Restaurator, v. 22 No. 2, 2001:
"Hydrolytic and Oxidative Degradation of Paper," by Simona Margutti et al.
From the Conclusions section: "The results of this research support the hypothesis that there is a symbiotic action between acidity and oxidation on the depolymerization of cellulose. The presence of functional groups formed by oxidation (carboxyl and carbonyl) increases the susceptibility of the glucosidic bond to hydrolysis reactions catalysed by a high concentration of hydrogen ions...." The first author's e-mail address is <email@example.com>.
"Papyrus: The Need for Analysis," by Françoise Flieder and Elisabeth Delange.
"Analysis of the mineral and organic elements, in particular starch, showed that the plant material strips, which make up a papyrus, adhere to each other without any additional glue."
"Gamma Radiation Treatment of Paper in Different Environmental Conditions: Chemical, Physical and Microbiological Analysis," by M. Adamo et al.
"We concluded from our experiments that an irradiation dose of 5 kGy caused statistically significant variations on almost all the paper properties. The treatment at 2 kGy, however, does not induce, in many cases, statistically significant modifications of the commercial paper.... The advantage of irradiation with respect to other disinfectant treatments is that it does not leave behind any harmful residue, so that the subsequent handling of the documents is free of hazards."
The New Yorker for March 8, 1999, has a good 4-page article on the challenge of preserving all of the National Archives' sound recordings: "Overload," by Alexander Stille. It is still relevant, and full of quotable passages, e.g.:
"One of the great ironies of the information age is that, while the late twentieth century will undoubtedly record more data than have been recorded at any other time in history, it will also almost certainly lose more information than has been lost in any previous era."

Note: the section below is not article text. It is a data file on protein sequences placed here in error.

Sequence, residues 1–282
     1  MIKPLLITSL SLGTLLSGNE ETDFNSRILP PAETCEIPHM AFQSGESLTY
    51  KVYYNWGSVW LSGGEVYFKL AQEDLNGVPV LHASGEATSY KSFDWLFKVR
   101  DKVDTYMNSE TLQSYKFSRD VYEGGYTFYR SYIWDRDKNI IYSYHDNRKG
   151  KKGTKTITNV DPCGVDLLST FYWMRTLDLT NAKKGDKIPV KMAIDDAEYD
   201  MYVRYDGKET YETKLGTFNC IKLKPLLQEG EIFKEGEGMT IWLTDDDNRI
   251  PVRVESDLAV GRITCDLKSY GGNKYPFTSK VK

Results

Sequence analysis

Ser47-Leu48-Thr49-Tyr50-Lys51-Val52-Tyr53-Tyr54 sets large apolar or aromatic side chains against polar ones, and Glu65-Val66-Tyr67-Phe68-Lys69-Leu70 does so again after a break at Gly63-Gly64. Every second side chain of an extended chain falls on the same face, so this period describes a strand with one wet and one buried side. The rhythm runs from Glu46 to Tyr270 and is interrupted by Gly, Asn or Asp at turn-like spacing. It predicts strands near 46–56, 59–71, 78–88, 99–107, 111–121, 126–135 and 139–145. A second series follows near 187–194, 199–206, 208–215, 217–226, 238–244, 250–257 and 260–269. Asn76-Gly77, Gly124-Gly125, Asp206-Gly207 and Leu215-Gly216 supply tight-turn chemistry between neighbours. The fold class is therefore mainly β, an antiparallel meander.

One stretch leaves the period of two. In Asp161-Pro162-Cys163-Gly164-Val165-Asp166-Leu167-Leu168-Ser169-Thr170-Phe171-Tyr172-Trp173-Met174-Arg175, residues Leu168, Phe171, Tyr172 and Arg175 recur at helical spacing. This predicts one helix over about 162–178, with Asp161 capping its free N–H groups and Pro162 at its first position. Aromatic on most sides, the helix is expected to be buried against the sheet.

"'Twenty-eight different kinds of movie sound-tracking systems were devised during the thirties and forties in an effort to improve the quality of sound," [Charles] Mayn explains. "Most of them are incompatible."'
"For several years, a disturbing rumor has circulated that the data from the United States census of 1960 were lost. According to the story, the information exists only on obsolete thirty-nine-year-old computer tapes, which can no longer be read. The Archives has reassured the public that the material has been safely copied onto more modern media, but, because census data are kept confidential until seventy-two years after their collection, the rumor will probably persist until 2032, when the data are made available to researchers."
Advanced Book Information: Containing over 1,050 watermark illustrations, this work published by Oak Knoll Press is the most comprehensive catalog on American watermarks to date.
In 1979 Thomas Gravel and George Miller published an interim edition of their watermark research which illustrated over 700 watermarks together with provisional thumbnail sketches of the paper mills that produced them.
This new edition, revised with the assistance of Elizabeth Walsh of the Folger Shakespeare Library, incorporates enhanced illustrations of all original 700 watermark photographs, and adds more than 320 new watermarks found by Mr. Gravell during the past twenty years.
In all, 1,057 watermarks have now been computer enhanced and tripled indexed for better identification. This new corpus of research includes revised and up-dated paper-mill histories, an updated bibliography, a new glossary of paper-making, and new name, geographic, and iconographic indexes.
A new Foreword by Keith Arbour recounts Thomas Gravell's contributions to paper history.
This expanded and revised edition of American Watermarks 1690-1835 is the most comprehensive catalog of American watermarks to date. To paper historians, imprint and manuscript curators, reference librarians, autograph, ephemera, and financial history collectors, and other scholars, this catalog makes available in easy-to-consult, triple-indexed format, the latest information on early American watermarks.
Order No. 64718, Price $85 or UKP58.50.
You can order this book at http://www.oakknoll.com/pressrel/watermar.html.